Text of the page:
Born and raised in San Juan, Puerto Rico, in the Caribbean islands, Sofìa grew up with all its rich Christmas traditions. Former Spanish colony, Puerto Rico has a lot in common with Spain. Currently living in Málaga with her 6-month-old daughter, Isabel, the family feels lucky to have inherited this mixed heritage. They look forward to sharing all their traditions with their daughter for her very first Christmas. Let’s learn more!
Glass of Coquito, Turrón and our vintage Madeline doll that we always take out during Christmas (this was my favorite doll for years)
It is said that Puerto Rico has the longest Christmas season in the world and I believe this is true! The Holiday season begins right after Thanksgiving and hardly stops until mid January!
Even if our weather is warm and tropical meaning we never have snow, we like to recreate a cold wonderland! There are Christmas trees and winter decorations everywhere! We even have snow machines releasing soap and water to look like snow! Isabel loved it!
Christmas carols are also a big thing during the festive season! In Puerto Rico, they are called "parrandas" and in Spain they are named "villancicos de navidad". The idea is to gather all together at night with lots of instruments and sing our classic Christmas songs! We will creep in silently to our neighbors’ or friend’s homes and surprise them by dancing and singing!
As for Christmas treats, Turrón,(in English called nougat), is one of the best. Traditionally, we eat it after Christmas Eve dinner with anise liquor but it can be served all throughout December. There are many varieties and flavors of turrón, ranging from chocolate, rum with raisins, yogurt but the most traditional flavor is prepared with honey, sugar, egg whites and toasted almonds. Our family’s favorite is the classic almond flavor, but we always offer our guests different kinds to suit everyone’s tastes.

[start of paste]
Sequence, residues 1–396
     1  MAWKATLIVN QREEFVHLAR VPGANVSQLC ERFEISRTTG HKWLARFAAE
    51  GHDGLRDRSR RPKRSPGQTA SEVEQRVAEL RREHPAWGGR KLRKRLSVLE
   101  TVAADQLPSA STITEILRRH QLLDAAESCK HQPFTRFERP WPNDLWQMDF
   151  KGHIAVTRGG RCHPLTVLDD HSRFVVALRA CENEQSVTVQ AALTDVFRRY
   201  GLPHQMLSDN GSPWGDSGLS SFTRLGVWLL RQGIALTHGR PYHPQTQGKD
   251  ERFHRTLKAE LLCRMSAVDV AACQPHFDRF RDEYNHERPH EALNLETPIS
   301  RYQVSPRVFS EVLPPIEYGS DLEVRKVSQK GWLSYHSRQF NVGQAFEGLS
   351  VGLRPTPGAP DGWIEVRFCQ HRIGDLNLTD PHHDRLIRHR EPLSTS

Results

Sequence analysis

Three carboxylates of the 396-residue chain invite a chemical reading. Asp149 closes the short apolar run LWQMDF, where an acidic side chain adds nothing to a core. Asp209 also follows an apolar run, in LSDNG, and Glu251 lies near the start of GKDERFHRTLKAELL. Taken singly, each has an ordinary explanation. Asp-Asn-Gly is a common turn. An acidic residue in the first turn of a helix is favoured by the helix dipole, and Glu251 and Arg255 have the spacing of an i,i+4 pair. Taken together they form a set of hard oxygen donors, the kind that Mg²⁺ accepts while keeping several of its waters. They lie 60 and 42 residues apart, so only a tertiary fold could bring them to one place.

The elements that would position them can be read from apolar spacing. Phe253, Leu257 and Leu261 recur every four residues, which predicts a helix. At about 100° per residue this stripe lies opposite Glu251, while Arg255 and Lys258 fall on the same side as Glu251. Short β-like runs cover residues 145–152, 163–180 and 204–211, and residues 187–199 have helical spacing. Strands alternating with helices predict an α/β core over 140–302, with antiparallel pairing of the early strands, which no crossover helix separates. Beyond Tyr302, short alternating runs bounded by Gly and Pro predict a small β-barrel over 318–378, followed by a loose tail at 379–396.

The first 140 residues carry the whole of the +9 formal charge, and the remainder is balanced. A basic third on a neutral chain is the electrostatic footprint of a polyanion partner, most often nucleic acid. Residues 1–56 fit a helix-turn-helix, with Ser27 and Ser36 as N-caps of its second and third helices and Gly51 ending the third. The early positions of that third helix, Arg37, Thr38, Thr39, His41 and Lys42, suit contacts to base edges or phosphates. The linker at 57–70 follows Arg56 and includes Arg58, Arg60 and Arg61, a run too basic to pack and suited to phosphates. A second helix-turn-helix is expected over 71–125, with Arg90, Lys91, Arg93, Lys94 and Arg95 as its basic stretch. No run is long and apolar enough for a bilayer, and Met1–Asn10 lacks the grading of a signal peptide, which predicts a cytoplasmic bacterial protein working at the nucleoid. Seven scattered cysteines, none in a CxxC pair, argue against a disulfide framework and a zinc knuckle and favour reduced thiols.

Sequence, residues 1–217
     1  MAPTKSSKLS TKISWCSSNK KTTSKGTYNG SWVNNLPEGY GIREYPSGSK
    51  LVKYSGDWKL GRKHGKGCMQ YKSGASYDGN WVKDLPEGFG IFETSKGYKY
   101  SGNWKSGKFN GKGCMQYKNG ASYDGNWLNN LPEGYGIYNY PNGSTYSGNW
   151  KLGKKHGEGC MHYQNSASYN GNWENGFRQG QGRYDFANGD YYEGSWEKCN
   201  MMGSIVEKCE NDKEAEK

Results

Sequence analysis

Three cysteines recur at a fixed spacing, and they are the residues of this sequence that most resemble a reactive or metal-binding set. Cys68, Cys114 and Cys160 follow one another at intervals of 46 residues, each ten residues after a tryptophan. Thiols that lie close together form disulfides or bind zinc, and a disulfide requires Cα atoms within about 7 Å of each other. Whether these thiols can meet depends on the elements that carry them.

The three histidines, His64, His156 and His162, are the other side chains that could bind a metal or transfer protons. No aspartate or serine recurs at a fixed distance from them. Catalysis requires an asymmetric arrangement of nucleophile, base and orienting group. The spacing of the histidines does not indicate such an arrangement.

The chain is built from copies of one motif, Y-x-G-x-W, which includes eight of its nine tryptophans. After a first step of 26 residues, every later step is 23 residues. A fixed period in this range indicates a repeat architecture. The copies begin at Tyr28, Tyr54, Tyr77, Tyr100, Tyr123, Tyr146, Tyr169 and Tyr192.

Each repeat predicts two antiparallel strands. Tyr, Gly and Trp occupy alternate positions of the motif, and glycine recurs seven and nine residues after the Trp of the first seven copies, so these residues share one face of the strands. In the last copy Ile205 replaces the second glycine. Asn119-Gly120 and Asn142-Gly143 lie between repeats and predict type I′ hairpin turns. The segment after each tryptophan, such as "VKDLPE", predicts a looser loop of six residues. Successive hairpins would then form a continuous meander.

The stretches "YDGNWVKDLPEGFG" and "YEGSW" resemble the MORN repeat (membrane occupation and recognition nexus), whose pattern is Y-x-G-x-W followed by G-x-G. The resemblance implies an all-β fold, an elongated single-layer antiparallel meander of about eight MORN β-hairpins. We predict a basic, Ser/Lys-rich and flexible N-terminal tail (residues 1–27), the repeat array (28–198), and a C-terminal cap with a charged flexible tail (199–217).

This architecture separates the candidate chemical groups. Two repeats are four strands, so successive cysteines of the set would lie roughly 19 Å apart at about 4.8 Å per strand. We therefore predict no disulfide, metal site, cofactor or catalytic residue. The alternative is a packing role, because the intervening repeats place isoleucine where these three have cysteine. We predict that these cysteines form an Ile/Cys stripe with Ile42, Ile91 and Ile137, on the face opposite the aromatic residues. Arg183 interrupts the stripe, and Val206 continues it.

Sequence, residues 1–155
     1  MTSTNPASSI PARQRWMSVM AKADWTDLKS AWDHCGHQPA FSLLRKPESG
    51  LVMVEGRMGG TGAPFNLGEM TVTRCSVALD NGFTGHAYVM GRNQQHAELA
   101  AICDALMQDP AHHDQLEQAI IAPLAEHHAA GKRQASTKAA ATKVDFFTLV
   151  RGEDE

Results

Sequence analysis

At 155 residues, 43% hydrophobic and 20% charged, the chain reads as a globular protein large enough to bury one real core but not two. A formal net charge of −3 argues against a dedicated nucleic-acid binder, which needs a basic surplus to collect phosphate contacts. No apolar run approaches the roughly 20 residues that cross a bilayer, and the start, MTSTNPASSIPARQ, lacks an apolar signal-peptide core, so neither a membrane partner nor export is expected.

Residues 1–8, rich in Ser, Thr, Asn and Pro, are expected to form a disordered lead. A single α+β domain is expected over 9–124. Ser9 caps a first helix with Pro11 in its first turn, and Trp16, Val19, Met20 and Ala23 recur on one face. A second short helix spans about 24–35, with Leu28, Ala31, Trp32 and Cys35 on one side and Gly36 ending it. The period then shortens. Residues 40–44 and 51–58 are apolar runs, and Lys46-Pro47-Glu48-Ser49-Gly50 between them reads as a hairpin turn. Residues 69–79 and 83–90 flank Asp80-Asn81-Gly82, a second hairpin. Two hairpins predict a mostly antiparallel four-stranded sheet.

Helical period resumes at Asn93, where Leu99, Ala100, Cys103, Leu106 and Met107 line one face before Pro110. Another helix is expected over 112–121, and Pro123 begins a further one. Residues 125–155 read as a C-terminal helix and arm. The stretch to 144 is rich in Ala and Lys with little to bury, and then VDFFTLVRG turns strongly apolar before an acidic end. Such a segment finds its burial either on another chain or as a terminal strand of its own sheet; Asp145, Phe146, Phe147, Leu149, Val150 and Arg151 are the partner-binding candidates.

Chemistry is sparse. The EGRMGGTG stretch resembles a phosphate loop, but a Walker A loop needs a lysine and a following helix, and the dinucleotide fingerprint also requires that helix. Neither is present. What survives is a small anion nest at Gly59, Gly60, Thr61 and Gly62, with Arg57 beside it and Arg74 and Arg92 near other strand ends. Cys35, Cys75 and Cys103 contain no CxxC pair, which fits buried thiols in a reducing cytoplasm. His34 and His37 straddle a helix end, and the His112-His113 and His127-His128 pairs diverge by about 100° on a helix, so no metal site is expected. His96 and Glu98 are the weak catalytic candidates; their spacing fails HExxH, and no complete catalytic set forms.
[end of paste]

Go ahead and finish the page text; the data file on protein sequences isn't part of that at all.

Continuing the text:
On Christmas morning we open presents that Santa Claus left under the tree. In this sense, we have been influenced by the United States too. But the party does end there! We keep our tree up much longer!
On Three Kings’ Day, we have a very special tradition directly from Spain. We celebrate it on the 6th of January in honor of the three Kings that went to visit Jesus when he was born. That morning, everyone in the family receives gifts that the Three Kings brought during the night. The children leave water and grass for the camels in a box prepared and decorated the day before. We also put coquito, a Puerto Rican eggnog made with coconut milk, condensed milk and rum for the Kings. This is one of my favorite traditions because it encourages creativity. It is fun for kids to decorate the boxes for the grass with messages and drawings.
After this celebration comes yet another one called “Las octavitas”! It lasts eight days. We typically throw parties and sing a lot! To end the festive season, we have a musical jubilee with lots of colors and fun decorations. It is called las Fiestas de la Calle San Sebastián or la SanSe.
Follow Sofìa on Instagram : @sofisouf